Contrary to the apprehensions over the fate of Naira at the backdrop of the ban of Bureau de Changes, BDCs, from the Central Bank of Nigeria’s foreign exchange sales window, the local currency firmed up from its initial losses to gaining N7.0 in the parallel market last week.
Analysts are projecting further appreciation of the national currency this week.
According to AbokiFX.Com, the parallel market exchange rate fell to N508 per dollar at the close of business on Friday from N515 per dollar the previous week, indicating N7 appreciation.
The naira similarly appreciated on naijabdcs.com of the Association of Bureaux De Change Operators of Nigeria (ABCON), where the parallel market exchange rate dropped to N509 per dollar on Friday from N515 per dollar the previous week.
This trend, according to analysts, will persist in the second half of the year, H1’21, due to a combination of factors including the expected accretion of the external reserves courtesy of the proposed $6.2 billion Eurobond issuance by the Federal Government as well as the additional $3.4 billion Special Drawing Rights (SDR) allocated to the country last week by the International Monetary Fund (IMF).
Projecting that the naira will appreciate towards N490-495 per dollar in the parallel market, Managing Director/Chief Executive, Financial Derivatives Company Limited, Mr. Bismarck Rewane, said the IMF’s SDR of $3.35 billion and Eurobond issue of $3bn to boost dollar cash flow and support external reserves accretion.
Speaking at a monthly breakfast presentation at the Lagos Business School last week, Rewane said: “The naira has gained 3.24 per cent since it fell to N525 per dollar last week.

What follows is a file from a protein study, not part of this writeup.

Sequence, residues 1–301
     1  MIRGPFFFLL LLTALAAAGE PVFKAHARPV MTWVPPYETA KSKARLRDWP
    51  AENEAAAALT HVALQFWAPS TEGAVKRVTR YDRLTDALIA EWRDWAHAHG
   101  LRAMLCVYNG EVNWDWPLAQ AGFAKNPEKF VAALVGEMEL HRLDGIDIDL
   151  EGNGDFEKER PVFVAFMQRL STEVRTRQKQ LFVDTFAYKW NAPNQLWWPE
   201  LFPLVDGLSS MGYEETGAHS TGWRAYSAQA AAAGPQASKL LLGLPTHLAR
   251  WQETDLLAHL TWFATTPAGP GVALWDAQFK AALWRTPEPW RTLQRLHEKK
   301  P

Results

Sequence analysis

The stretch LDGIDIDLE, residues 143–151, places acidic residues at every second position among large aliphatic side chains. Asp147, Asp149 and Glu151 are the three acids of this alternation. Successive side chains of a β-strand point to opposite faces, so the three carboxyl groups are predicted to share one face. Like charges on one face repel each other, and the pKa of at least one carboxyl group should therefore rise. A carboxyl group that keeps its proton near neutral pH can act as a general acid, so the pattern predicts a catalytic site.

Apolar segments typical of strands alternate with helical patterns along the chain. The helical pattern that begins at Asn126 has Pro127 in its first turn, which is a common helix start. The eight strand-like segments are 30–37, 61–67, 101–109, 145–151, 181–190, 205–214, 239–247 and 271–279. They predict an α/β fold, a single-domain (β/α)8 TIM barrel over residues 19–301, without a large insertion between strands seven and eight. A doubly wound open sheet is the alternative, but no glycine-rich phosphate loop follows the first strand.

“Most pessimists were of the view that the naira was likely to plunge to N700 per dollar after the BDCs were stopped from buying dollars from the CBN.
“We continue to hold the view that the naira will continue to appreciate towards fair value (N470-N490/$) in the parallel market as long as the CBN increases forex supply. However, corporates remain nervous as to policy direction and uncertainty remains.
Making a similar projection, analysts at CardinalStone Research said: “In assessing the materiality of the recent developments, we note that the combined planned foreign borrowing of $6.2 billion and SDR allocation of $3.4 billion amount to c.68.1% of our 2021 current account deficit forecast and 28.7% of Nigeria’s FX reserves of c.$33.5 billion. Thus, there is a strong likelihood that the FX liquidity position of Nigeria will improve before the end of the year if these inflows materialise.
“The spread between the parallel market and the I&E rates is likely to materially narrow in the coming months. This narrowing spread should primarily reflect sharper corrections in the parallel market rate, which is currently substantially higher than our fundamentally derived NGN/USD rate. We also expect some retail demand to flow away from the BDCs to deposit money banks, which have been recently mandated to meet legitimate dollar needs”.